Patricia de Lille
Names: de Lille, Patricia
Born: 1951, Beaufort West, Cape Town
In summary: Politician, former member of PAC, trade unionist, founder and a leader of Independent Democrats (ID) and Mayor of Cape Town.
Patricia de Lille was born in 1951 in Beaufort West, in the Cape. She received her primary education at the Methodist Primary School and thereafter went to finish her schooling in 1969 at Bastiaanse Hoerskool. In 1974 she worked as a laboratory technician for Plascon Paints and remained there for 16 years.
During this time, she became involved in Trade Union politics and was a member of the South African Chemical Workers' Union (SACWU). She started off as a shop steward and soon was SACWU's regional secretary. She then went on to the National Executive Committee of SACWU and was also the regional chairperson of the National Council of Trade Unions (NACTU) in the Western Cape. Politically NACTU was to the Pan Africanist Congress (PAC) what the Congress of South African Trade Unions (COSATU) is to the ANC.
In 1989, she was elected into the National Executive Committee of the Pan Africanist Movement (PAM), a wing of the PAC. When the PAC and other political organisations were unbanned in 1990, she was appointed as foreign secretary and relief and aid secretary of the party. During the CODESA negotiations, Patricia led the PAC delegation and after the first democratic elections, she was appointed as a member of parliament. Between 1994 and 1999, she was the chairperson of the Transport committee and the chief whip for the PAC in parliament. She also served in various portfolio committees including Health, Mineral and Energies, Trade and Industry, Communication, the rules committee and the codes of ethics. Ironically, de Lille used the very same rule of floor crossing that she fiercely opposed in parliament to break away from the Pan Africanist Congress to form her own political party, Independent Democrats in 2003. She retained her seat in parliament. After 2004 general election and 2006 Municipal elections ID improved its representatives in all sphere of governments.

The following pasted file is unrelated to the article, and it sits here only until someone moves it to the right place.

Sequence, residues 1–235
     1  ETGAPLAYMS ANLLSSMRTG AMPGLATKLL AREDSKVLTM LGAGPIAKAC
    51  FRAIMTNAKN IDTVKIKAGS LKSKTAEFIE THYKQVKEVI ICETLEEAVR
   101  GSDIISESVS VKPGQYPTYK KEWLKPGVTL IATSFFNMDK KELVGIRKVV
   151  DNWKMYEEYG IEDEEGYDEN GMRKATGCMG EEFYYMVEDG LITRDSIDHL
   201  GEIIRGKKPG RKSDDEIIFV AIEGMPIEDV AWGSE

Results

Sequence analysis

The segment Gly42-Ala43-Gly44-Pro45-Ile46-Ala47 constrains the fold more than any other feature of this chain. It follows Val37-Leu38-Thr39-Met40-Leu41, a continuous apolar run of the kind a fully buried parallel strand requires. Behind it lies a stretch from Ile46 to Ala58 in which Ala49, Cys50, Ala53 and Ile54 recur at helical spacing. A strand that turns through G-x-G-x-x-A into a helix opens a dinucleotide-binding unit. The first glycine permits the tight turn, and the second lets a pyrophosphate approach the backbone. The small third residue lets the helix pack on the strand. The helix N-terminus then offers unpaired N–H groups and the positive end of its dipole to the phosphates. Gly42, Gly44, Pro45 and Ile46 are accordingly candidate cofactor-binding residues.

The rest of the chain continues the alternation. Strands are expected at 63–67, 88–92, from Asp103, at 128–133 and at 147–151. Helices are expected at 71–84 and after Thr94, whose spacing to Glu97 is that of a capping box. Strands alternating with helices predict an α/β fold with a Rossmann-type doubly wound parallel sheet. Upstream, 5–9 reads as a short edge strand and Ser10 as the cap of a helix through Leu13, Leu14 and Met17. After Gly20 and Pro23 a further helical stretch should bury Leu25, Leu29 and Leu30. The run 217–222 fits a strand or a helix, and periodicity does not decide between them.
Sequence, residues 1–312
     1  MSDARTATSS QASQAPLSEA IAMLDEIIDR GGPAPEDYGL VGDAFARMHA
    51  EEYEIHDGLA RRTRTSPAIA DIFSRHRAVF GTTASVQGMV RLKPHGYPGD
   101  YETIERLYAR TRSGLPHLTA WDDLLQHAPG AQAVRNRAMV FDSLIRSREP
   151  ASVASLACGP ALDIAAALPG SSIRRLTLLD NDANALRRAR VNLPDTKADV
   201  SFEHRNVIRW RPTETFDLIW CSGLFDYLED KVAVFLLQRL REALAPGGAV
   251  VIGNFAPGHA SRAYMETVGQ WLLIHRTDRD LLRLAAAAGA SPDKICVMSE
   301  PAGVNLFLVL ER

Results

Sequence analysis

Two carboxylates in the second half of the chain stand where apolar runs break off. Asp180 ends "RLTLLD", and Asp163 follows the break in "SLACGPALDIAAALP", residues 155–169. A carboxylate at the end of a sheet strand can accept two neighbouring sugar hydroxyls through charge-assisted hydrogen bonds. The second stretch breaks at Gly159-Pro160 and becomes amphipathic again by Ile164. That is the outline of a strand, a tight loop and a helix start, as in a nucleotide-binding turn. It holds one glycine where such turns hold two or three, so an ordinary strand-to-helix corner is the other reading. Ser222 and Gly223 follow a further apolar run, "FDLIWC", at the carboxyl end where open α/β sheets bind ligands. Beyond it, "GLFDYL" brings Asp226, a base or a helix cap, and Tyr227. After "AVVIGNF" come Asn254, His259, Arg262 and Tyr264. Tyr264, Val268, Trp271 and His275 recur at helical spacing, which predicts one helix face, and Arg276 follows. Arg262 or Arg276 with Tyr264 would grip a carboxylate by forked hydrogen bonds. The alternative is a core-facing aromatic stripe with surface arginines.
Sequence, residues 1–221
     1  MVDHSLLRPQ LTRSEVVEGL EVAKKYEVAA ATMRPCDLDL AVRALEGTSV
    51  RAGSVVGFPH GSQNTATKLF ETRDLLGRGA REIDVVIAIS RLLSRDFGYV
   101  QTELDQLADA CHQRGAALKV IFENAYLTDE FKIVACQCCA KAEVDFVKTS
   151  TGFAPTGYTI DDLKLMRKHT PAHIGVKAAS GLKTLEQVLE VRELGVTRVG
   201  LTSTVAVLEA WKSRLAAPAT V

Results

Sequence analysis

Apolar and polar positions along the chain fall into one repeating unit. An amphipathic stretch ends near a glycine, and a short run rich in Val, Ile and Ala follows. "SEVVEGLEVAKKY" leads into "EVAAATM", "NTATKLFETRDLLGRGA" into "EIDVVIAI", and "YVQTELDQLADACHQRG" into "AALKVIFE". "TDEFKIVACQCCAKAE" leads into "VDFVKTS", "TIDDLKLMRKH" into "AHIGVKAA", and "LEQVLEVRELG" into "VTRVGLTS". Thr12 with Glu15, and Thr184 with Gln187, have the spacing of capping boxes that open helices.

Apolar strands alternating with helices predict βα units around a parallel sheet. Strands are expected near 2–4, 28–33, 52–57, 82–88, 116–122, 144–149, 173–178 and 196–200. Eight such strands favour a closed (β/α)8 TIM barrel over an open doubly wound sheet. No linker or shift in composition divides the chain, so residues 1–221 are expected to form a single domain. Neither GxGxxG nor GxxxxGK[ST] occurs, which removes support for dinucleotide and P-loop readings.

In 2004 she was elected a chancellor of the Durban Institute of Technology (DIT). She has been vocal on other sensitive issues such as corruption, HIV/AIDS, women and child abuse, children in prison, xenophobia and poverty, Patricia serves on the boards of the following organisations.
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- Fikilela HIV/AIDS Project
- Age-in-Action - Patron
- Diocesan College-Bishops - council member
- Nazareth House HIV/Aids Children, where she sponsors one child
- St Josephs Home for chronically sick children
- Helen Suzman Foundation
- Impumelelo Innovation Awards
- Caring Network
- Nelson Mandela Children's Fund
- HIV/Aids Babies Battling HIV/AIDS Trust
She is also a member of both the Global Organisation of Parliamentarians Against Corruption and the African Parliamentarians Network Against Corruption. Patricia was the first politician to expose corruption in the controversial arms deal in South Africa ultimately leading to the investigation of government officials, such as former ANC Chief Whip and already convicted Tony Yengeni.
She was recently awarded the HIV/AIDS activist award by Canadian based organisation, South African Women for Women and was awarded the freedom of the city of Birmingham Alabama, an honour bestowed upon only 4 other South Africans.
- Patricia de Lille [Online]. Available at: en.wikipedia.org [Accessed 03 December 2009]
- Book of South African Women: Politics. Patricia de Lille - Leader Independent Democrats. Mail & Guardian Online [Online]. Available at: www.mg.co.za [Accessed 03 December 2009]
- Independent Democrats\'s website